So You Want Some ICT support?
Tuesday, 16th September 2014 at 10:06 am
Finding and contracting a ICT support can be a daunting prospect for many Not for Profit organisations, but it isn’t insurmountable writes Infoxchange technical writer Jane Rawson.
Many small-to-medium community organisations struggle with getting adequate support for their information and communication technology (ICT). Finding and contracting a support organisation can be a daunting prospect, but it isn’t insurmountable.
Without reliable technology support, it’s impossible to guarantee provision of client services. If you lose your server, internet connection or even a printer it can really damage your ability to do your job, so you want to know you can get things fixed quickly.
Below are some suggestions about how to find and recruit the right support, how to read a support contract, and some alternative ways to make sure you have someone to call on in times of trouble.
Finding and recruiting support
Before you start looking for a support organisation, you need to figure out what you have that needs supporting. Make a list of all the hardware you have and all the software that’s running on it. It’s not a difficult job, but it does take a long time: if you have volunteers this may be a good task for them.
Decide how much you want covered in your support agreement. If a lot of your computers are old (and likely to fail or not under warranty), you probably want them covered in your support agreement: newer computers may not need it. If you’re using a lot of specialist software, getting support through the company providing the software may be a better option. If many of your staff work outside the office, you’ll need support for their devices too. And if you have a server in-house that will definitely need support: losing a server can be catastrophic for your organisation.
Document what you have, what you want covered, and how quickly you will need a service provider to respond. Once that’s done, you’re ready to start looking for a support service.
Start by asking community groups whose needs are similar to yours. Anyone they recommend will probably be a good choice. You could also try Connecting Up’s Suppliers Directory (http://www.connectingup.org/directory/suppliers). When you have a shortlist, ask each provider in for an interview.
You want to know this is someone you’ll be comfortable working with, and that you understand one another. Then ask the ones you like to send you a proposal based on the requirements you’ve produced.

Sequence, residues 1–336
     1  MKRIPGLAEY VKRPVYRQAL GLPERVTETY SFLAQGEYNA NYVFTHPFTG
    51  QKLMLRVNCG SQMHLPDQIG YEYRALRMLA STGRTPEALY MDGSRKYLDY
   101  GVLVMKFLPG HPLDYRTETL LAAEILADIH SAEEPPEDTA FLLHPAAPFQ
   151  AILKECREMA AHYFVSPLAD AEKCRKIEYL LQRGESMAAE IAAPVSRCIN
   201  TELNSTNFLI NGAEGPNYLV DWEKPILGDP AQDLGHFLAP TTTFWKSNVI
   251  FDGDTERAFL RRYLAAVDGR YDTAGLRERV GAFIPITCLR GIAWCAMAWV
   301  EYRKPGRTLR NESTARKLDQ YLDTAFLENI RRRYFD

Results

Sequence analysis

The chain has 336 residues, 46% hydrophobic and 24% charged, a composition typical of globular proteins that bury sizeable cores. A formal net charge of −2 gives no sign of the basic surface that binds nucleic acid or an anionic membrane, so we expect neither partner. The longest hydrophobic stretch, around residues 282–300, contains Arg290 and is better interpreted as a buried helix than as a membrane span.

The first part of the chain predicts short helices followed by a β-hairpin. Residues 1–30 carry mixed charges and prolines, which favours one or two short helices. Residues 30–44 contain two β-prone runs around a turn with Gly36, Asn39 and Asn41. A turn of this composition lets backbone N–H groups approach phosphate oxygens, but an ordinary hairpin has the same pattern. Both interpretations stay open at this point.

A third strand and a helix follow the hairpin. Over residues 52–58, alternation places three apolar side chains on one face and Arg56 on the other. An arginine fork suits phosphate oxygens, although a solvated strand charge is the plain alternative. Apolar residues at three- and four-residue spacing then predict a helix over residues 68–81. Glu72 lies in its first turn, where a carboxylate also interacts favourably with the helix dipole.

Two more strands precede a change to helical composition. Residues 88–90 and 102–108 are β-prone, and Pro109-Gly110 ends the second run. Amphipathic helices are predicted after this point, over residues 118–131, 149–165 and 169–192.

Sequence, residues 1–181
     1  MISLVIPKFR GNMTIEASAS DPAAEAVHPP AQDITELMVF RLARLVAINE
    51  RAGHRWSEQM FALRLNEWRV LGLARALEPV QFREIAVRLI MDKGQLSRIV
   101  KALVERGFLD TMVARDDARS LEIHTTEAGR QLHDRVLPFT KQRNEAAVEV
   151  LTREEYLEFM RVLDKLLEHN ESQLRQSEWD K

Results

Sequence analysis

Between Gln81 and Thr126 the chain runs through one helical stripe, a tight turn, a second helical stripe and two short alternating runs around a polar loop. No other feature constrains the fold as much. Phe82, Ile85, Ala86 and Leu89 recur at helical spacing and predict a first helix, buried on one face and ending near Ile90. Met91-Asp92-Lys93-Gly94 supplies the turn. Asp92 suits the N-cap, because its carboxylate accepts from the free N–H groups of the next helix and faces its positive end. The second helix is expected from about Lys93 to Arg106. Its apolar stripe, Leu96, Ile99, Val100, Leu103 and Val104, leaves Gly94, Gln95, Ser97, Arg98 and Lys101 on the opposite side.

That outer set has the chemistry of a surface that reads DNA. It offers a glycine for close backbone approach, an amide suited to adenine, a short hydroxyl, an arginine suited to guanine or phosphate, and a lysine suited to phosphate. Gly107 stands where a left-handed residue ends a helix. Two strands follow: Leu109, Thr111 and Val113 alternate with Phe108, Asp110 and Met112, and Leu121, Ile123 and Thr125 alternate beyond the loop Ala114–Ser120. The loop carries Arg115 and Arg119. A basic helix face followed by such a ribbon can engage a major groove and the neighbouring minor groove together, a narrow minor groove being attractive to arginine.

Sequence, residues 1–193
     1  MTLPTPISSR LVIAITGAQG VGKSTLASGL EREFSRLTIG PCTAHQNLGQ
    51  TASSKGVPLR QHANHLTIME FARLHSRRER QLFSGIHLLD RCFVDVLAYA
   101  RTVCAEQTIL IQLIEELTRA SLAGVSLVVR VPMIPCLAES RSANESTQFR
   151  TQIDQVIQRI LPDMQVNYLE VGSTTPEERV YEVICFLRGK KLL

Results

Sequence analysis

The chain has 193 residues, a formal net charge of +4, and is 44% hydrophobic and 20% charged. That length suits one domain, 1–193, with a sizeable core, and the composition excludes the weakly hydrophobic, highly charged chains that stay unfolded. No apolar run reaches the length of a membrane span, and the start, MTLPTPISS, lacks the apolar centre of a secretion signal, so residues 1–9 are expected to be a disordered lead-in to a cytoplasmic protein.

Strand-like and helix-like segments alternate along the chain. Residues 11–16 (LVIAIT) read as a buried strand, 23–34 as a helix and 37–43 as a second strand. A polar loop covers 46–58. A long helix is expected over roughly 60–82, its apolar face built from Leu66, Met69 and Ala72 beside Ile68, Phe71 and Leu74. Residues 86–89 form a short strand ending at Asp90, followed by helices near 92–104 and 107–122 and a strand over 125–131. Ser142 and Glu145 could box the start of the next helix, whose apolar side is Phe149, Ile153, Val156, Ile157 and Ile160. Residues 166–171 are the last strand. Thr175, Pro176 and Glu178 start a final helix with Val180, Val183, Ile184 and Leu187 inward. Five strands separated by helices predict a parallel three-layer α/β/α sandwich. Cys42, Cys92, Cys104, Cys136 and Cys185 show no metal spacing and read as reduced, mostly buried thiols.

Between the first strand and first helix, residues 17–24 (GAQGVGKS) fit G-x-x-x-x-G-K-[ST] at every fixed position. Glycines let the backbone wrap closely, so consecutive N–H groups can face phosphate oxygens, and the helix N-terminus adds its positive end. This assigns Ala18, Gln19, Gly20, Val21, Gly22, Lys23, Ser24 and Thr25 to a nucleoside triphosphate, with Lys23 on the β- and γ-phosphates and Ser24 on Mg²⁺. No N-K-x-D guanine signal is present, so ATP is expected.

There’s more on finding a support organisation in our ImproveIT guide, here [http://www.improveit.org/understandit/management/finding-and-working-it-support-organisation]
Going through the contract
Each supplier should send you a draft contract with their proposal. Even if you know which supplier you want to go with, you should carefully review the contract.
A contract should cover all of the following:
- how long the contract lasts
- how to keep the contract running
- what you’ll pay and what you’ll get
- what hardware and software are covered
- any limits on types of support
- how quickly support will be provided
- procedures for requesting support
- what isn't covered
- key contacts
- what happens in a disagreement
- how confidentiality will be maintained.
Once you’ve established all these items are covered, you also need to make sure you’re comfortable with the way they’re covered. If anything doesn’t work for you, ask if it’s possible to have it changed. You should also have the contract reviewed by your lawyer, and it may be useful to get an independent ICT professional to look it over: they’ll know if anything important is missing.
There is more detail about every area of the contract in this ImproveIT guide [http://www.improveit.org/understandit/management/what-look-ict-support-contract]
Is there a cheaper way?
A common question is ‘how can we improve our ICT support when we can’t afford to pay?’ Unfortunately there is no magic solution. However, there are some low cost-options you can consider:
Ask your existing volunteers whether anyone has (or wants to learn) the ICT skills your organisation lacks.
Ask your staff, volunteers and members whether they know of anyone with the ICT skills you require who might be willing to donate time to help your organisation.
Advertise on volunteering sites.
Employ a student from a university or TAFE, or through established internship programs.
Some IT projects can be taken on by volunteers very successfully, including:
training on a specific issue (such as using the internet)
simple IT installations (such as memory upgrade, setting up standalone PCs or peripherals)
advising or mentoring project managers on major IT developments.
Other IT projects should be approached with a great deal of caution, including:
ongoing technical support
websites and databases – development and support.
To learn more about how volunteers can be part of your ICT support package, see our ImproveIT guide, ‘Using volunteers for ICT support’
About the Author: Jane Rawson is a technical writer at Infoxchange. Infoxchange is a Not for Profit community organisation that delivers technology for social justice.